First flap for Frist is all about cats
Published: Sunday, January 5, 2003 at 6:01 a.m.
Last Modified: Sunday, January 5, 2003 at 12:50 a.m.
WASHINGTON - The first flap facing the new Senate majority leader might be dubbed ''Frist and the cats.''
Seems when Bill Frist was a student at Harvard Medical School he ''adopted'' cats from Boston animal shelters, promising to give them good homes. Instead, the budding heart surgeon used the cats to hone his operation skills, killing the creatures in the process.
Now a GOP senator from Tennessee, Frist fessed up in his autobiography to both his prevarication and his vivisection and expressed remorse.
But People for the Ethical Treatment of Animals isn't about to give a pass to Frist, who owns a dog but no cats. PETA Vice President Mary Beth Sweetland is demanding he atone for his sins by backing federal spending on inexpensive nonanimal alternatives for medical research.
''One day, we will look back on animal testing with the same disgust with which we now look back on slavery and racism,'' Sweetland said.
Except during news conferences, the room is largely the province of TV camera people and other techies, who are famed for their sloppy dress, loud banter and napping prowess.
According to The Hill, a Capitol Hill newspaper, Bush took some guests on a backstage tour of the executive mansion and was annoyed by the appearance of the press room's scruffy denizens. So the White House has asked the White House Correspondents Association to clean up the zoo.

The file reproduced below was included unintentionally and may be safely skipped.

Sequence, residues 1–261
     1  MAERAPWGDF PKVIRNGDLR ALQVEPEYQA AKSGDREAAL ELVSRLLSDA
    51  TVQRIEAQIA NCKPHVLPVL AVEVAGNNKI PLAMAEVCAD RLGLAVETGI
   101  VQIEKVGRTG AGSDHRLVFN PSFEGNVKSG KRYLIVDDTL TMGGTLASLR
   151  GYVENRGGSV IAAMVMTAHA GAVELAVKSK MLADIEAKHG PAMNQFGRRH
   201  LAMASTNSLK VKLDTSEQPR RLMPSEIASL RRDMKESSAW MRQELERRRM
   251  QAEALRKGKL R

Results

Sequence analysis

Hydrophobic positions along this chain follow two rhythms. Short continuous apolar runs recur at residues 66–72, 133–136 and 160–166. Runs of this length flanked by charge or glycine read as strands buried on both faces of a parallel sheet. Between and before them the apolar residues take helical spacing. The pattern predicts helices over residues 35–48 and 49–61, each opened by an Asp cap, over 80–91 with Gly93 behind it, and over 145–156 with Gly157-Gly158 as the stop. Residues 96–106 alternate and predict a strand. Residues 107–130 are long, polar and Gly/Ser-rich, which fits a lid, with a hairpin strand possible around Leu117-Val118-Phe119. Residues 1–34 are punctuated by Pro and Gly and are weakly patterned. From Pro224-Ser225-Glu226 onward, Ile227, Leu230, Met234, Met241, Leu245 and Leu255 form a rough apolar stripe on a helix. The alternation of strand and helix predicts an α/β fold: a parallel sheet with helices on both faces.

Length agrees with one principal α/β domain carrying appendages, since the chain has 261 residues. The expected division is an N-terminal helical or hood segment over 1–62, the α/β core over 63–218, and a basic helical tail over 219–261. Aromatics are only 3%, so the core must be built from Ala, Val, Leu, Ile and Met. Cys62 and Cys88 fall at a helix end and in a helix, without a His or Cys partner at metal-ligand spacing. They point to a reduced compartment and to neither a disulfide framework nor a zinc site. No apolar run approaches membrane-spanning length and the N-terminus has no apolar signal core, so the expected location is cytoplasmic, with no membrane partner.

Don't hold your breath.
Thirty-two species of seahorse, however, were added to the list of fish that can't be traded.
The resulting crater is too small to be detected by telescopes on Earth, but the Clementine space probe appears to have detected the site of the hole, which is roughly the size of three football fields and about 70 feet deep.
Under the new rule, all children under 13 must wear the vests unless they are below deck or in an enclosed cabin. Violators can be fined up to $1,100 for each infraction.
There's a lot of angst in the scientific community because 1,000 labs nationwide are being forced to create new security systems to keep biological agents out of the wrong hands. More distressing is the government edict that all genetic experiments that might make a virus or bacteria vaccine drug resistant or better able to be used as a weapon must be approved by the Department of Health and Human Services.
Equally irksome are continuing denials of visas for foreign scientists trying to visit for professional purposes, such as the barring of a Russian who was to be made a member of the prestigious U.S. National Academy of Engineering.
Under Bush, the federal payroll has grown by 14,700 full-time workers, bringing the total force to 2.7 million. The mass hiring of federal baggage screeners and other airport security personnel will add another 42,000.
Clinton inherited a 3.1-million civilian bureaucracy, which he pared to 2.69 million during his two terms.
''Maybe it's the wine, but I've got to make a confession. I will put this very diplomatically: I am still working on acquiring a love of opera. Sorry, man.'' - Secretary of State Colin Powell, during a Kennedy Center event.
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